In April 1839, Frederick made the acquaintance of Alexander Buchanan on his arrival in Adelaide on the 220-ton brig, Welcome from Canada.
Alexander and seven other men from the Welcome planned to overland a mob of sheep from New South Wales with a view to selling them in the Adelaide market and Frederick commissioned them to add approximately 5,000 to the mob on his behalf.
Started this morning with the drays at 8 o’clock and made 12 miles by noon. Halted for an hour and had beef and damper and tea. We take tea to every meal. Made 10 more miles and encamped for the night…. This place is said to be a good deal infested with bushrangers and most of us have our pistols loaded and in bed with us, but it is now my watch from 11 till 1 in the morning and we have not been disturbed…”
The muster concluded in December 1839 when Frederick took delivery of his sheep on the River Light, about 70 miles north of Adelaide. The location was subsequently named Mount Dispersion.
Frederick obtained a grazing lease of 120 acres along the Light River and later re-named the landholding “Anlaby” after a stately home and village in Yorkshire.
Wool from Anlaby was included in the colony’s first wool sale at Adelaide in 1840 when 208 bales were sold. The average price was slightly more than one shilling per pound.
By 1865 Anlaby comprised 100 square miles of freehold land with sheep numbering about 60,000. Frederick was the owner of one of the largest flocks of sheep in the state.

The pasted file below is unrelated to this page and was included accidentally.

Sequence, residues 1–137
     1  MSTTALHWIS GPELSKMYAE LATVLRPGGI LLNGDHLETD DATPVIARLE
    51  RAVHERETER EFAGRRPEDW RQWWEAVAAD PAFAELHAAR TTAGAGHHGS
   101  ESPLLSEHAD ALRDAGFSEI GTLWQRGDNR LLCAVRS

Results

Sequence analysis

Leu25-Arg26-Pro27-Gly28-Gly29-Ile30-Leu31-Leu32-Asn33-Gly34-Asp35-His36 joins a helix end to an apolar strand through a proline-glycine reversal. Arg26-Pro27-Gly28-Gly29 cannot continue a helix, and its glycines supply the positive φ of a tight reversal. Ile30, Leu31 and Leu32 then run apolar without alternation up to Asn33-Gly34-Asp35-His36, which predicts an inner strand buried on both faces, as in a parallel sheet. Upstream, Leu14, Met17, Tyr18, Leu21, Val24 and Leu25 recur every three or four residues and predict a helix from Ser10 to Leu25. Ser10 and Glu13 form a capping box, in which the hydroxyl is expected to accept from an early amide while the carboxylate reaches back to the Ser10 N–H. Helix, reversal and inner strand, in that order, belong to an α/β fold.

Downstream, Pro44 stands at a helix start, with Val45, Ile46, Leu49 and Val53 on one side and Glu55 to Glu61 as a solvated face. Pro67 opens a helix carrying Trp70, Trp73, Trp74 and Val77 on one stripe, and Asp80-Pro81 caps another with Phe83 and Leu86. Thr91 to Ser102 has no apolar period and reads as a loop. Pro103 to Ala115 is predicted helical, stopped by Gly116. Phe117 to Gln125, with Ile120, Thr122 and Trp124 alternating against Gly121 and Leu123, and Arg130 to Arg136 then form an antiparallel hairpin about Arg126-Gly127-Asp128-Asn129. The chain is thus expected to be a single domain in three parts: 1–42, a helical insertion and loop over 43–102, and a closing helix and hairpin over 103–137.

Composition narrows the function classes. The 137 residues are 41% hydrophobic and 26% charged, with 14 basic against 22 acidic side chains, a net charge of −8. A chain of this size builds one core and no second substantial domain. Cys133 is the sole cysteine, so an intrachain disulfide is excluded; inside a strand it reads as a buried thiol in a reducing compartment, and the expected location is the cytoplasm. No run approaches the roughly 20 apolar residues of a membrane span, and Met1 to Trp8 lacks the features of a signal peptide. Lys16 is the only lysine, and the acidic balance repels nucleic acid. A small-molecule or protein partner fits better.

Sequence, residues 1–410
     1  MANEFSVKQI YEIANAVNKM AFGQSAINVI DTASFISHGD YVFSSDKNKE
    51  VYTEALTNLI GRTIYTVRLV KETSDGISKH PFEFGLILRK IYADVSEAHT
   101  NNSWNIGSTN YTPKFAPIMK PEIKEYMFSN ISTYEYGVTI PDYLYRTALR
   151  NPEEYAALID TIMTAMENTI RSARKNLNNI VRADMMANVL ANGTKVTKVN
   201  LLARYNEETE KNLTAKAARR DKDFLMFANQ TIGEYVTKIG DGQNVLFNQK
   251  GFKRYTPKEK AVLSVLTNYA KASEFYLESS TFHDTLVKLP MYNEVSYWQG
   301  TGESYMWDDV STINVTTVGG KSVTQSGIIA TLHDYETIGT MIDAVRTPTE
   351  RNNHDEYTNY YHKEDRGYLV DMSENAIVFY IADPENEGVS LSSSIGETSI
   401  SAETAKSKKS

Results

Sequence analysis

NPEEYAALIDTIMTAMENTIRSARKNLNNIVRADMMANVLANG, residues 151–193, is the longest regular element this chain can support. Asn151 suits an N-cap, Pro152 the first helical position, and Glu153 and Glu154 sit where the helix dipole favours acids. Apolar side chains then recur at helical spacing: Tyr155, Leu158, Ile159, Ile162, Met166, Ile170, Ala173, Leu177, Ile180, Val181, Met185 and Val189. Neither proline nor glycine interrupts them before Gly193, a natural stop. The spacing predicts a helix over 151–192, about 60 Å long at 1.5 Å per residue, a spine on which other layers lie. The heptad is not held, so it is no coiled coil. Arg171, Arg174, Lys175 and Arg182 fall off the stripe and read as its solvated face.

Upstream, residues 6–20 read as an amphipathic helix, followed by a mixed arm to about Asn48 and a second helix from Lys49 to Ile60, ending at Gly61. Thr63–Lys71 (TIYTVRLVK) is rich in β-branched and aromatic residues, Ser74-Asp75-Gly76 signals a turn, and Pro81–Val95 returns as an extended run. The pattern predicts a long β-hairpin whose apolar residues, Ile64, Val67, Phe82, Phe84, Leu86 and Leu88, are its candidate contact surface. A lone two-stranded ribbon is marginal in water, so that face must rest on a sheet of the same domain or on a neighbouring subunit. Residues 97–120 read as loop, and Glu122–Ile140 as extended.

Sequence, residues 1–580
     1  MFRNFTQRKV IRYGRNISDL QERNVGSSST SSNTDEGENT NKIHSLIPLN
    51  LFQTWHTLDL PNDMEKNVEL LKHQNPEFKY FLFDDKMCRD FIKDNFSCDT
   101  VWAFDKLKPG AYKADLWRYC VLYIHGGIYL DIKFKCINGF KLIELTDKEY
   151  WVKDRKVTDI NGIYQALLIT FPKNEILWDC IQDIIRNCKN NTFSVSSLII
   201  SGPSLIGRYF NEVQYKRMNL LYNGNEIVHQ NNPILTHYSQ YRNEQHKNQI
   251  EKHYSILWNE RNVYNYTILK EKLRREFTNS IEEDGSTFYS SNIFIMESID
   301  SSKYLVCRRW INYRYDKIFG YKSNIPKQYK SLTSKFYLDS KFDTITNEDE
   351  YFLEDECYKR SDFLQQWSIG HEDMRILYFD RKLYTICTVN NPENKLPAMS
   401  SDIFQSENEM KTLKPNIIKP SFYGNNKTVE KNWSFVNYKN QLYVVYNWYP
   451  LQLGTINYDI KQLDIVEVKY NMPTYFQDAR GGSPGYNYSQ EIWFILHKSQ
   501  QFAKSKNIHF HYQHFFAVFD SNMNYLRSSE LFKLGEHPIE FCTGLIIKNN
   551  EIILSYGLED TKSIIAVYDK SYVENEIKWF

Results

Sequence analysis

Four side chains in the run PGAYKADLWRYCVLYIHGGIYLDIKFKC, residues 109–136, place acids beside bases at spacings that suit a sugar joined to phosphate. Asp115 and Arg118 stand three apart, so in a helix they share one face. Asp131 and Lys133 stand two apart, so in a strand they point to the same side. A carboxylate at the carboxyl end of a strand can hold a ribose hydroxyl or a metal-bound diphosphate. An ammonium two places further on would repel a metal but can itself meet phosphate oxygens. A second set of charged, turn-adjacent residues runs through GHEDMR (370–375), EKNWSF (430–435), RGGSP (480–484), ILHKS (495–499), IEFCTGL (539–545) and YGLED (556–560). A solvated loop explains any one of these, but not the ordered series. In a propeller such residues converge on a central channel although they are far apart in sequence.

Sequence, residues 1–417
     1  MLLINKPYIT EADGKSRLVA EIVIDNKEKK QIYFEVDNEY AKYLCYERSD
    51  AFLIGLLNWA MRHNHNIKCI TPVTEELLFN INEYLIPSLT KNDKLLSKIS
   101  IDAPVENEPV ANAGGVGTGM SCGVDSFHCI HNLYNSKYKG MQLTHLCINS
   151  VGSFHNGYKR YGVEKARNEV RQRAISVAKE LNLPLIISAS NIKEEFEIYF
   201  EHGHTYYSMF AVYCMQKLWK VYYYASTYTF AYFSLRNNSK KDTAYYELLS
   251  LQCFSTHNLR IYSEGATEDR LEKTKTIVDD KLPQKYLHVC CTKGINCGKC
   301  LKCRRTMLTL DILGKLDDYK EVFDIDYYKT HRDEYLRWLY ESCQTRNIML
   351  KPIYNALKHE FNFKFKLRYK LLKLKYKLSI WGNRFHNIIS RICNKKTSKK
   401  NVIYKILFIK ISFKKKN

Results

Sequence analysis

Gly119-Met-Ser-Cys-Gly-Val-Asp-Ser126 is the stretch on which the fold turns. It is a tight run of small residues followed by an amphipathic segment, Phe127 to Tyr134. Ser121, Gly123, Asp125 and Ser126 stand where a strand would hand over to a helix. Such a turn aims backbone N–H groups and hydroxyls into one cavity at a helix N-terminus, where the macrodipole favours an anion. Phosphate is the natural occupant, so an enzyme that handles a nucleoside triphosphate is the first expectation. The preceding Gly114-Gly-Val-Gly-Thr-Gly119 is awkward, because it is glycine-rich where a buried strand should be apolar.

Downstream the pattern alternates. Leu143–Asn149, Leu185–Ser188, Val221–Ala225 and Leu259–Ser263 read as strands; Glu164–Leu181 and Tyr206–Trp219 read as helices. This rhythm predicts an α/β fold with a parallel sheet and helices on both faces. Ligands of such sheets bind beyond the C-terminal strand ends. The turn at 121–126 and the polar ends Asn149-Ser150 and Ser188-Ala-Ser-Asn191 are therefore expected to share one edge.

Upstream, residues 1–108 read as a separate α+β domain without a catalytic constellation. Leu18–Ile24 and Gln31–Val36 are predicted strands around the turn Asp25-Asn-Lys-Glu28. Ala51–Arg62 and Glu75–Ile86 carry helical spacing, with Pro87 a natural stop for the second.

In addition to his pastoral interests, Frederick served as a director of the Bank of Australasia and also invested in copper. In 1846, he and Alexander Elder were partners in a 20,000-acre special survey at Mount Remarkable. Frederick also had interests in copper mines in Kapunda, Montacute and the Princess Royal mine at Burra.
In 1852 he was nominated a member of the Legislative Council but resigned the position the following year.
Frederick imported pure bred Rambouillet and Saxon sheep from Europe in 1852 to add the best genetic base possible to the flock. The development and improvement of the stud continues to this day.
Although Anlaby was not Frederick’s primary residence, he remained active in local affairs, even while living in London. He was a generous benefactor of community projects such as the hospital and the Community Sports and Recreation Park in nearly Kapunda (now called Dutton Park in his honour).
In 1890, Frederick died, unmarried in England leaving Anlaby to his nephew Henry.
The above is an extract from Peter Hayward’s (one of the current owners) book Anlaby: A beautiful step back in time.